Can anyone tell me what “…planets get 30 times closer…” means? The astronomy’s not the problem, the grammar is. Thirty times further apart makes sense, but what does 30 times closer mean? Maybe the author mean the minimum inter-planet distance is 1/30 of the smallest inter-planet distance in our solar system?

    • http://zacharyshahan.com Zachary Shahan

      there’s really nothing confusing here. “the planets get 30 times closer than any pair of planets in our solar system.” how can you not understand what that is saying? it’s like, i’m 1000 times closer to my computer than you are — got it?

  • KU37

    This article originally read: “The planets orbit each other at a distance 30 times closer than any pair of planets in our solar system.”

    Apparently it was corrected to: “Following their very similar orbits, the planets get 30 times closer…”

    Planets do not orbit each other, they orbit their star.

  • Firstrule

    I wonder if it took God 6 days to create those planets, just as the bible says that it took him 6 days to create earth. Also, do you think that he needed to rest after creating those?

    • Matt

      Gods not real.

      • Jessi

        Dude, you can’t be serious. I mean come on. Really? No God? Even science has found the omega code in all DNA. Even Archaic DNA. Science has proved that that God exists. Heck, just look in the mirror. lol… Some people are so misguided…Feel sorry for ya my friend. Ya must not know much about science or maybe just haven’t done enough research. I guess we can let that slide. But, remember, there are no excuses for ignorance. We must all investigate the facts on our own and come to our own conclusions. I challenge you to do just that. YOU CAAANN DOOOO IIIIIT! LOL…

      • http://zacharyshahan.com Zachary Shahan

        Gods are not real? Or God’s not real? Think you mean the latter. In any case, though, that’s arrogance at its height. To claim that you know that there is no such thing as “God” is hilarious to me, but also a bit sad, since you must be mired in some extreme arrogance that makes your life just that much less enjoyable. Keep on truckin’, dude… everyone’s got their challenges.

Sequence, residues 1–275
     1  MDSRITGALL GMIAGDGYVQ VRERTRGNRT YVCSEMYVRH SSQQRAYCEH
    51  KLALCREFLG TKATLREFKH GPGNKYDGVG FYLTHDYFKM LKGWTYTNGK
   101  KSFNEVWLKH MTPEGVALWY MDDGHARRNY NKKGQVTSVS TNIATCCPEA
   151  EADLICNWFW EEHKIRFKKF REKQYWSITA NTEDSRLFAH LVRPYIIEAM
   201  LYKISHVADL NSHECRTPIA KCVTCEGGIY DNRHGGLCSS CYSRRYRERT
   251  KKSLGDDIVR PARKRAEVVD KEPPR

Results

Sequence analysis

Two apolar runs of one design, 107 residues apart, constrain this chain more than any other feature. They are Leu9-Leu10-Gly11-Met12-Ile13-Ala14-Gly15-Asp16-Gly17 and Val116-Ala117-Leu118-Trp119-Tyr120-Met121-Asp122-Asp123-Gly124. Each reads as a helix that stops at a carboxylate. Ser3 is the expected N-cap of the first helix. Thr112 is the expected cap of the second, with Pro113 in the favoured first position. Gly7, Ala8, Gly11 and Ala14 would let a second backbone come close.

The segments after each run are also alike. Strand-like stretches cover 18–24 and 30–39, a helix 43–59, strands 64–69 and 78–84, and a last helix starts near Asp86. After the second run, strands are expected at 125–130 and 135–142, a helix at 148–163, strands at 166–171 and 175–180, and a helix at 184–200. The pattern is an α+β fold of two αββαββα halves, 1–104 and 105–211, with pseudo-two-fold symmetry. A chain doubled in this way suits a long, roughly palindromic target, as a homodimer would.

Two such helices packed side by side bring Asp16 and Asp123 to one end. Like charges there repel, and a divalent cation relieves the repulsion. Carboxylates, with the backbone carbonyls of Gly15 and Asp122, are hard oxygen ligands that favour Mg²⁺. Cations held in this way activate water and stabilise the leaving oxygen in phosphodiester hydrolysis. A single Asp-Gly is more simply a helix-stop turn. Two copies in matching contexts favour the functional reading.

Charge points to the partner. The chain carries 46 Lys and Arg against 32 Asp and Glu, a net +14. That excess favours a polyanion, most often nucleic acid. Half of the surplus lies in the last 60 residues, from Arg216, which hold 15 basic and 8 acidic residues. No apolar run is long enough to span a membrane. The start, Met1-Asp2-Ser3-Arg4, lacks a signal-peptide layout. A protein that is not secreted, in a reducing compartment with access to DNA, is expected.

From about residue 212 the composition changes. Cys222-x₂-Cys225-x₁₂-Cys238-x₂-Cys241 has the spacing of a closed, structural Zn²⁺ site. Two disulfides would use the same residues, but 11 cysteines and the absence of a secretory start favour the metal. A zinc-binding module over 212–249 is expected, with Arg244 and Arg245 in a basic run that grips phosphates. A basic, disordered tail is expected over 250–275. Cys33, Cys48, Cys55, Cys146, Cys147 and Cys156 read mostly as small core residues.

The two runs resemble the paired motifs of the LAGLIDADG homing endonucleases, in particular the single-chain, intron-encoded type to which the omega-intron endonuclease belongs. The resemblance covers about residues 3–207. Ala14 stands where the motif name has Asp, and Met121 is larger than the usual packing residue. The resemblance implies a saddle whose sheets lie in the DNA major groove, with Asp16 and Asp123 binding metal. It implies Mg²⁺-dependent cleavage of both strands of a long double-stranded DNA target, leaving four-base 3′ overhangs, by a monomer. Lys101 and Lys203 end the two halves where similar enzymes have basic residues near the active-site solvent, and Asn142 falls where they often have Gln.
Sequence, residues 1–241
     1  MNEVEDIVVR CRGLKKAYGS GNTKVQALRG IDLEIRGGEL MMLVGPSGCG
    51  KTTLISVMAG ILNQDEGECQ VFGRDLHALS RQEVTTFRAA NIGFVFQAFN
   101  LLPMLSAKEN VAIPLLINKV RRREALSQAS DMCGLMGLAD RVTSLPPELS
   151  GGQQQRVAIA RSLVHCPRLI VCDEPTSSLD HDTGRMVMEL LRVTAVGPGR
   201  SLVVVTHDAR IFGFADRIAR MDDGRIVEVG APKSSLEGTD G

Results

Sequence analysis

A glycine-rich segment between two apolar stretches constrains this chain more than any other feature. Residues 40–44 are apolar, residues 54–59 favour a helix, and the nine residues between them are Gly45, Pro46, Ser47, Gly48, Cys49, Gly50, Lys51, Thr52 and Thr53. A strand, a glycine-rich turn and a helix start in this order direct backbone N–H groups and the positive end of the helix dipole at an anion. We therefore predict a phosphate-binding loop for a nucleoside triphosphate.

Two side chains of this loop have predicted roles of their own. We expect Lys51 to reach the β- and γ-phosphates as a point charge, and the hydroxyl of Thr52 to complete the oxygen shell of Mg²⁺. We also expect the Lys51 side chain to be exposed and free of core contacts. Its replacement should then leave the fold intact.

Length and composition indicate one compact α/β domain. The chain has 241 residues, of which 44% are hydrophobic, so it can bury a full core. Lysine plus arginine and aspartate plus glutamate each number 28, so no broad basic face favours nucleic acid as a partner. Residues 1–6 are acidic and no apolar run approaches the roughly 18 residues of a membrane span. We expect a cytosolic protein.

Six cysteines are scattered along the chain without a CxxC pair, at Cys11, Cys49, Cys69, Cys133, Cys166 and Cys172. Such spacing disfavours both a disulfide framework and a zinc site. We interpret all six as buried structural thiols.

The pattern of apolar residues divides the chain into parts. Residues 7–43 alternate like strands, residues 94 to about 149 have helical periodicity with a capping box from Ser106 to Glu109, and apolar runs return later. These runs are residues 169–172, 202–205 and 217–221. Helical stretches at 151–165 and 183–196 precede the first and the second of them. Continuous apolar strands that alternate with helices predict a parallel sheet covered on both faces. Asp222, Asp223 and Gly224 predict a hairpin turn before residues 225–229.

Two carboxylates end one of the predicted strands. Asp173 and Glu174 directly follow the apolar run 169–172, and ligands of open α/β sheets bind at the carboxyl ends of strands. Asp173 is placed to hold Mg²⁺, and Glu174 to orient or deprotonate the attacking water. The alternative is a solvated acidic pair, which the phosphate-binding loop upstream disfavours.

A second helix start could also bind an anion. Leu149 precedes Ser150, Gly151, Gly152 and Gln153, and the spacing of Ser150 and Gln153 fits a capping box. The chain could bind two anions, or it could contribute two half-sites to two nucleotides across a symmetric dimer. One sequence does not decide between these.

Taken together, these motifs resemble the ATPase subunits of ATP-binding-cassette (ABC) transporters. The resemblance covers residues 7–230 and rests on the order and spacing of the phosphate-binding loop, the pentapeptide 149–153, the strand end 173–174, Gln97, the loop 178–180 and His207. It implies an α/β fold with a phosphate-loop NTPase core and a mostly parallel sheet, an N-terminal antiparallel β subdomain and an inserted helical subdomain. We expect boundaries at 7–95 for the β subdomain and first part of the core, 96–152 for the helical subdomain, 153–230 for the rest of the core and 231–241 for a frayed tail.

• dster

          The Dali Lama doesn’t necessarily believe in God. Zen Buddhism for instance teaches that sentient beings come into existence when the conditions are right. However I would hardly consider him arrogant.

          • http://zacharyshahan.com Zachary Shahan

            there’s a HUGE difference between not believing in God and saying “Gods not real.” And that difference is in one’s level of humility or arrogance.

  • mike

    so… pluto’s a planet again?

    • http://zacharyshahan.com Zachary Shahan

      last i heard, thought it was, but maybe i’m wrong…

  • tommym

    In one Hayden Planetarium Show in NYC (before it was rebuild as the Rose Planetarium) the narrator stated that, from afar, the Earth and the Moon would appear to an observer like twin planets. This had to do with their motion through space: as the Earth orbits the Sun, which is following its own orbit through the Galaxy. Although the Moon orbits the Earth, their ‘absolute’ motion would appear more like a double helix, twin corkscrewing relative to each other, in their more long-term cosmic trajectory.

    • http://zacharyshahan.com Zachary Shahan

      interesting..

  • james

    And this is surprising because?!?
    To read some news media, you’d have thought we’d already discovered everything there is to know about the universe.

  • KU37

    “The planets orbit each other at a distance 30 times closer than any pair of planets in our solar system.”

    If these two planets orbited each other, wouldn’t one of them be called a moon instead of a planet?

    • blah

      Moon’s orbit a planet, a planet does not orbit a moon. There are also other things that help classify what a moon is. These do not meet those classifications. These are two planets that orbit each other.

    • Neil

      No, not since they are both orbiting their star. One would have to orbit around the other planet for it to be a moon.

    • LA

      To be a moon one would have to orbit the other. These both orbit the sun. It’d be like saying Tire A on a bike is close to Tire B, thus Tire B needs Tire A to spin. That isn’t necessarily true (they can spin of their own accord, say if you are going downhill), as they are both part of the bike instead of eachother (thought that’s not to say they don’t influence eachother at all. I imagine the gravitational force of each could pull them closer, much like pedaling the bike makes the back tire move)

    • feen

      It never mentioned that they orbit around each other. They just orbit the sun at a very similar distance. It didn’t really get into detail, but I am sure they are only close to each other sometimes, and more often are very far apart.

  • Chad

    Is this in the Lars Van Trier System?